“I learned the identity issues through the filter cigarettes ‘Yugoslavia’, the first cigarettes in Yugoslavia…After their production was cancelled, the filter cigarettes ‘Oriental’ came out, with the same visual integrity, the same box, the same color, the same graphics and the same quality or lack of quality…I immediately switched to ‘Oriental’, and to be honest, I didn’t like the name very much, but the changed name didn’t bother me too much”, stated journalist Zvezdan Georgievski at the panel discussion “Losing identity or…?” that was organized by CIVIL – Center for Freedom. .
“When does a person really lose his identity? When we bury him at a graveyard, or maybe during his illness when his physical and mental state change inevitably along with his character? Or, perhaps, his identity survives even after his death, through tales, writings or records about him? And what connection does the state, the nation and ethnic affiliation have with our inevitable biological disappearance?’, were the questions that Georgievski raised at the panel discussion.
He compared the filter cigarettes “Yugoslavia” with their replacement “Oriental”.
“Regardless of the name, I called the cigarettes filter ‘Oriental’ until the end filter ‘Yugoslavia’ and when I would go to buy them I asked for ‘Yugoslavia’ cigarettes and there never was any confusion between the seller and me. He always gave me ‘Oriental’, or he would say – ‘We received filter Yugoslavia’ and would give me a box of ‘Oriental’…For that smoker’s identity another thing was much more important than the name, and I started thinking what is that other thing that made me belong to the filter ‘Yugoslavia’ cigarettes. It was probably that culture of smoking and that tradition to light precisely that cigarette and to have that smell. Translated into a national or collective identity, culture and tradition are probably much more important for one’s affiliation, that the name itself”, said Georgievski.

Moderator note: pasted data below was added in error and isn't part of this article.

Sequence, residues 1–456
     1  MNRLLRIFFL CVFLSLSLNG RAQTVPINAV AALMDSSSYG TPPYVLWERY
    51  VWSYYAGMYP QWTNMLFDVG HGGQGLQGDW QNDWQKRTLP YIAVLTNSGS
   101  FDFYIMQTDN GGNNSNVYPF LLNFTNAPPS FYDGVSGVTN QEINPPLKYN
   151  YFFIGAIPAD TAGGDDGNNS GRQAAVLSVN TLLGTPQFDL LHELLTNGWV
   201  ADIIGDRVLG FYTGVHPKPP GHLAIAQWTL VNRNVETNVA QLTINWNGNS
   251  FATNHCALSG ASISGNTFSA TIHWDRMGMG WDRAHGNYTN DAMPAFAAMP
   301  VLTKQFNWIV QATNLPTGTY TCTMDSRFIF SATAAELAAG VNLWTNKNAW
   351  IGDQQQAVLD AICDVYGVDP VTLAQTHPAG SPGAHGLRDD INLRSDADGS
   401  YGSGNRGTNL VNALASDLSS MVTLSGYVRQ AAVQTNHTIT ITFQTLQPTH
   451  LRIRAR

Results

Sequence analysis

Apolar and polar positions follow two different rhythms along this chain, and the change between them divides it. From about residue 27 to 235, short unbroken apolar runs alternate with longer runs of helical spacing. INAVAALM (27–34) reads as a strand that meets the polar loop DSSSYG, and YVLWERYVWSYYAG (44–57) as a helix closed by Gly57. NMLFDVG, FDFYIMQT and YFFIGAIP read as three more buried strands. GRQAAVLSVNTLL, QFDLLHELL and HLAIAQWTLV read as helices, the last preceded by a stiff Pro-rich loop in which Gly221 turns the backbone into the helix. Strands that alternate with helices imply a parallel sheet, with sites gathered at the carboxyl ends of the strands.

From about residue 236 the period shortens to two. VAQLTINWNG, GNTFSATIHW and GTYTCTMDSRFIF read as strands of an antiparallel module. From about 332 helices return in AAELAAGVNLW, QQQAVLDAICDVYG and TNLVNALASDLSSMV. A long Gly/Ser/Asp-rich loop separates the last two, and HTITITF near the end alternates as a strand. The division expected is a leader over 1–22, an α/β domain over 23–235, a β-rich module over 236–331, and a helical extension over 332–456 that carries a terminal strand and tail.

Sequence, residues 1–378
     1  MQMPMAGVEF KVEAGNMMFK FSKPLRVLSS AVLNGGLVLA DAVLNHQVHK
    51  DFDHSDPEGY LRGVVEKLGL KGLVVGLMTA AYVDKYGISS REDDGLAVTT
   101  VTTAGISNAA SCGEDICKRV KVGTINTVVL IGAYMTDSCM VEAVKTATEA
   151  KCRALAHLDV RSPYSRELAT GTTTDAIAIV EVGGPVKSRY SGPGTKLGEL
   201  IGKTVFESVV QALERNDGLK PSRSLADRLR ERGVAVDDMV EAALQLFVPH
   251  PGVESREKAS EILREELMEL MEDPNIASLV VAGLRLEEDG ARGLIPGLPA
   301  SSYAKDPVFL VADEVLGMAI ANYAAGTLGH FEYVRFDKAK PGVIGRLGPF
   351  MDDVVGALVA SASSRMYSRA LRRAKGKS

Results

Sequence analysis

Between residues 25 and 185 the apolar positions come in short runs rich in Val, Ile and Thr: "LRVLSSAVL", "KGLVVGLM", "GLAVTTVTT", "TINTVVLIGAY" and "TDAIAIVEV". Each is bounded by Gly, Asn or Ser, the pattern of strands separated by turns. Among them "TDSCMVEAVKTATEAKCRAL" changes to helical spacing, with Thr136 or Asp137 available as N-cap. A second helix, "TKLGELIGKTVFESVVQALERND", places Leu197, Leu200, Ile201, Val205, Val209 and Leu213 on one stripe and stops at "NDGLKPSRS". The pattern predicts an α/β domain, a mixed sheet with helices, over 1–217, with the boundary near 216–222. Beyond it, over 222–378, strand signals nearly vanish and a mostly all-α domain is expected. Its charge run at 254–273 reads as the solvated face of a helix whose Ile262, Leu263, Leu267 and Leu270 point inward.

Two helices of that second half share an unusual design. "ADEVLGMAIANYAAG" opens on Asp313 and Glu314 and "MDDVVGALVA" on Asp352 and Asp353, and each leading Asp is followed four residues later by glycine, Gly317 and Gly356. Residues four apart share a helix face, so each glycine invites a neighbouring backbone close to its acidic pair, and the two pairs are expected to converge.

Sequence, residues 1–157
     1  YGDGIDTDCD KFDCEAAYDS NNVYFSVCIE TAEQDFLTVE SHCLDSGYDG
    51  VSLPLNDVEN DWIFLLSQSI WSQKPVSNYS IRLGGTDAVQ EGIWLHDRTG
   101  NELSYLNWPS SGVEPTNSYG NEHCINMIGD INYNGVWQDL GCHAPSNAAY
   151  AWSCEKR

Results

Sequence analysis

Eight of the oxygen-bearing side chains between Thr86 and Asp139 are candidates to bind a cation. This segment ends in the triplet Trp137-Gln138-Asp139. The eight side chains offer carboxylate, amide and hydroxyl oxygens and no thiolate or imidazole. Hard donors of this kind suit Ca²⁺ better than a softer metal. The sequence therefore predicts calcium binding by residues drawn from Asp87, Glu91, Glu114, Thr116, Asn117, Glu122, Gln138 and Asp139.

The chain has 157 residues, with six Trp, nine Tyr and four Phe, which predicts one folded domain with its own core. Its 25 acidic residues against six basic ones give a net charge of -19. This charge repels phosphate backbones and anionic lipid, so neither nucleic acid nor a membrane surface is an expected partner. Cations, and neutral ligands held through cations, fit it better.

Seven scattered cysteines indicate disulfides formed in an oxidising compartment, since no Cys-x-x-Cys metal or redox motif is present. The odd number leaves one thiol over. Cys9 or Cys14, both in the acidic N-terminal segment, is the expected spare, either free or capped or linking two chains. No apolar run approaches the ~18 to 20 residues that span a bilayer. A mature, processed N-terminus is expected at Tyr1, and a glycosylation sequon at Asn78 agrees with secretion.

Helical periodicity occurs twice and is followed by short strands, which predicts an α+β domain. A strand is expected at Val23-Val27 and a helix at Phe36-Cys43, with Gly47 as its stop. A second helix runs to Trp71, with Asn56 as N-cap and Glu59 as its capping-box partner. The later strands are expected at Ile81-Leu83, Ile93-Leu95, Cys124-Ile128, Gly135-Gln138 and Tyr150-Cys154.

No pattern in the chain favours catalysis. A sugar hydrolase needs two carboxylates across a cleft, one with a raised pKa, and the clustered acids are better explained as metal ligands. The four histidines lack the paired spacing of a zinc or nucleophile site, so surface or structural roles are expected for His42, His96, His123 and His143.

“Ultimately, even though it might sound like a heresy, I think that even the language is not that important for the identity as is the culture, the traditions…The question isn’t how we will preserve our language, but how we will promote our own culture”, considers Georgievski.
“Why would I want, for instance, to share the values of the state of Macedonia. Those romantic nationalism views, the land where you were born is – your homeland. I was born in Slovenia, and apart from the fact that I was born in Slovenia, I have no special attitude towards that country, that is, I have the same one like I do towards other countries. Why should I have a special attitude towards Macedonia? And in any case, I declare myself as a Macedonian, I try to live decently in this country, which means that I am trying to provide decent conditions also for other people around me to live and to create a decent place…I think that we should deal more with a functional connection between people based on some completely other interests that will be material and spiritual and ones that will ensure a better life”, stressed Georgievski.
The conversation with journalist Zvezdan Georgievski is part of the project “Losing identity or…?”, which CIVIL – Center for Freedom is implementing in cooperation with the Heinrich-Böll Foundation from Germany. The views of about a dozen experts and creators of public opinion about the identity and social-political issues related to the process of overcoming the Macedonian-Greek name dispute will be published in the following days on CIVIL’s media platform. So far, the conversation with Ljubco Georgievski has been published, one of the founders of VMRO-DPMNE and current President of VMRO-People’s Party. The views and analyses on what is being gained and what lost with the Prespa Agreement will also be published in the printed publication in December.
Camera: Аtanas Petrovski
Editing: Arian Mehmeti
This post is also available in: Macedonian